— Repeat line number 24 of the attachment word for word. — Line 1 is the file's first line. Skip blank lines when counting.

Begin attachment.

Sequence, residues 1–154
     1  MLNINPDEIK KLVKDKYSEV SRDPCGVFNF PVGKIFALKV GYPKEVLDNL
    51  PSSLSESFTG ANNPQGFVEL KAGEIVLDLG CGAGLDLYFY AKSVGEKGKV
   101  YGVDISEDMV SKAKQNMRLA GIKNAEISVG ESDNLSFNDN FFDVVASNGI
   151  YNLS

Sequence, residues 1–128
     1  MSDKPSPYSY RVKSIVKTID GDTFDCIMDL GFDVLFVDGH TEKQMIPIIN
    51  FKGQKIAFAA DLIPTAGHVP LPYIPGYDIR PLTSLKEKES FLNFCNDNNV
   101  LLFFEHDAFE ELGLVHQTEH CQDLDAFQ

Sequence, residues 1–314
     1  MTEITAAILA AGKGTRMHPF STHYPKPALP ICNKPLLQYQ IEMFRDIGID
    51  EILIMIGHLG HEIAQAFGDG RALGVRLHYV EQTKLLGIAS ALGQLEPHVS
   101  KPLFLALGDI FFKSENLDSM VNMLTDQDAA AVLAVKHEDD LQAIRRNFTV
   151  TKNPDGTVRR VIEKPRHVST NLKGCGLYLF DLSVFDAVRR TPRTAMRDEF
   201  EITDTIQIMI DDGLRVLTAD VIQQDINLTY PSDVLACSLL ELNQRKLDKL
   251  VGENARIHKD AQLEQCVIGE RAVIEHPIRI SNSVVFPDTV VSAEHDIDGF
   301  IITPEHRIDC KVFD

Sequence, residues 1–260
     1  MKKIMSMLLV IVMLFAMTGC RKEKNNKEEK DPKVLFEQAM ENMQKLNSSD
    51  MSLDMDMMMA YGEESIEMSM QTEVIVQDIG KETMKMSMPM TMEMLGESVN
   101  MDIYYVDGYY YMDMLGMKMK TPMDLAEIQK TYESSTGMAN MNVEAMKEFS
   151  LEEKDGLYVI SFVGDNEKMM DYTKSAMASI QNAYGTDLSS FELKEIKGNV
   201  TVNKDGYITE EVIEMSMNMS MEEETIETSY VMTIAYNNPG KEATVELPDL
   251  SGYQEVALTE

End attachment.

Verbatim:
   251  SGYQEVALTE